An upper respiratory tract infection is defined as rhinorrhea, nasal congestion, sore throat, ear ache, with or without fever, lasting >=48 hours.
URTI-induced asthma is defined by wheezing in association with an URTI.
The proportion of upper respiratory tract infections (URTIs) in each group requiring treatment with systemic corticosteroids as confirmed by review of medical records and pharmacy records of prescriptions dispensed.
Secondary Outcome Measures :
Rate of unscheduled visits for asthma to an acute care setting adjusted for the number of upper respiratory tract infections (URTIs).
Rate of hospital admissions for asthma adjusted for the number of URTIs.
Maximum and mean number of puffs of ß2-agonists/day during URTI illness.
Peak and mean symptom scores during URTI illness
The mean # of days/URTI during which rescue ß2-agonists were used for asthma symptoms.
The mean # of days/URTI during which asthma symptoms were observed
growth velocity from baseline to endpoint
change in bone mineral density between baseline and endpoint
proportion of osteopenia at endpoint
change from baseline in hypothalamo-pituitary adrenal function (basal cortisol) at endpoint
proportion of adrenal suppression at endpoint
proportion of treatment interruption due to perceived ineffectiveness in each group
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Ages Eligible for Study:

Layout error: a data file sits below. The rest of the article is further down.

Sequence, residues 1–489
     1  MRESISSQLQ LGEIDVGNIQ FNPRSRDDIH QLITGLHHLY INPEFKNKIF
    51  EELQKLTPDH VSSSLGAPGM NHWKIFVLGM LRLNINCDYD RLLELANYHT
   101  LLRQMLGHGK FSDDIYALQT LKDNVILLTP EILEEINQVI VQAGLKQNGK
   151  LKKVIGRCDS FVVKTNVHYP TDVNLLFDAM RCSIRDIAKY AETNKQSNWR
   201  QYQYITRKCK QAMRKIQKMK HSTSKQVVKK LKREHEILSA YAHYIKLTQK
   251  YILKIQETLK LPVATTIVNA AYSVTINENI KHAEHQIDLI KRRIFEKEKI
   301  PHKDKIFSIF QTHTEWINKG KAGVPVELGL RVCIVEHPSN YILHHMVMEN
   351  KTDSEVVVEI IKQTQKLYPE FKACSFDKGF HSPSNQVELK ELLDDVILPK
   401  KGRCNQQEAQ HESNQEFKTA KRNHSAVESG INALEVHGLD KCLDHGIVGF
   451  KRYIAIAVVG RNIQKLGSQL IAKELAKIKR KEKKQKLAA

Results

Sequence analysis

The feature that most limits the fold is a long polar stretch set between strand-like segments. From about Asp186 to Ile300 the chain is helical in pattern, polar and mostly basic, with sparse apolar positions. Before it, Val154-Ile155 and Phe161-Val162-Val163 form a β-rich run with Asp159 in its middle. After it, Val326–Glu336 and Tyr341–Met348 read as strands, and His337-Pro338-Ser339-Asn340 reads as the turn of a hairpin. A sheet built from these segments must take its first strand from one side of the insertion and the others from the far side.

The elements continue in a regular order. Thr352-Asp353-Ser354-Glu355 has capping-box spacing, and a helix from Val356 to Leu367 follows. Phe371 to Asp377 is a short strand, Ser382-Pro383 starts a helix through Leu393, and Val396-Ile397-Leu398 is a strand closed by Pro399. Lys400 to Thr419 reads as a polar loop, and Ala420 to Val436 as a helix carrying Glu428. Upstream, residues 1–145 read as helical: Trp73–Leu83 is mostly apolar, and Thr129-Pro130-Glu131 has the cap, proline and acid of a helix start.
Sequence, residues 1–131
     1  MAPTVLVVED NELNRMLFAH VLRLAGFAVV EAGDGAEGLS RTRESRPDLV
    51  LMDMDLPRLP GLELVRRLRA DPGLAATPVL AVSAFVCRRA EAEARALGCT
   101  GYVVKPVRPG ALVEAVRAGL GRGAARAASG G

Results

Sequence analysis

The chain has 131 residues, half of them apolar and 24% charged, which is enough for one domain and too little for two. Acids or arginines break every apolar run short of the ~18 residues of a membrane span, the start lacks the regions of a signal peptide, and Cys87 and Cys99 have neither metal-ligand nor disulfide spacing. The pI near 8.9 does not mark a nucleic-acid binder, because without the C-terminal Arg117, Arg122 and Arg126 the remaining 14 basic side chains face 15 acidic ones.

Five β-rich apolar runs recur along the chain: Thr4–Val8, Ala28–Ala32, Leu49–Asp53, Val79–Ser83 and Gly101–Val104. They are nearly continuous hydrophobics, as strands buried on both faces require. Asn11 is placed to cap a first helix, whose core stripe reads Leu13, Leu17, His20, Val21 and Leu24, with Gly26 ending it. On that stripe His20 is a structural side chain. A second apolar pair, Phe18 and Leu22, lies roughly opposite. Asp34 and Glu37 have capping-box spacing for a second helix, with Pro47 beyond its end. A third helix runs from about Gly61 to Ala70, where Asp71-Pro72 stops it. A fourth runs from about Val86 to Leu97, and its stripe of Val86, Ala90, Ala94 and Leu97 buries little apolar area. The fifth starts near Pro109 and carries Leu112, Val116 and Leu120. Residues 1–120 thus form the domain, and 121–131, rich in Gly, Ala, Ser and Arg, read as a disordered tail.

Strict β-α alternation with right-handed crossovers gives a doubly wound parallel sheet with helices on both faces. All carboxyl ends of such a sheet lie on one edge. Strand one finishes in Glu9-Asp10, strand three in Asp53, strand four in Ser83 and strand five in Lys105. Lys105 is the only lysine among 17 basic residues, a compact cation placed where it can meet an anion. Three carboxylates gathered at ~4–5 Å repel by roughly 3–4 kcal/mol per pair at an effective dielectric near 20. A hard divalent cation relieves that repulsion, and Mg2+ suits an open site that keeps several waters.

1 Year to 6 Years (Child)
Sexes Eligible for Study:
Accepts Healthy Volunteers:
(1) Children aged 1-6 years,
(2) they had at least 2 documented episodes of URTI-induced asthma requiring systemic (i.e., oral, intravenous, or intramuscular) corticosteroids in the previous 12 months or 1 episode in the previous 6 months,
(3) no intercurrent symptoms (i.e., cough, wheezing, or observed dyspnea) documented for at least 7 days between wheezing episodes,
(4) no suspicion of allergy to pollen or perennial allergens, and
(5) caregivers have a good understanding of French or English
(a) other chronic diseases such as cystic fibrosis, bronchopulmonary dysplasia, cardiac disease, kidney disease, gastro-oesophageal reflux requiring treatment,
(b) intake, in the 21 days preceding randomization, of inhaled, nasal, or oral corticosteroids, leukotriene antagonists, cromolyn, nedocromyl, or ketotifen, -(c) prior intubation for an asthma exacerbation.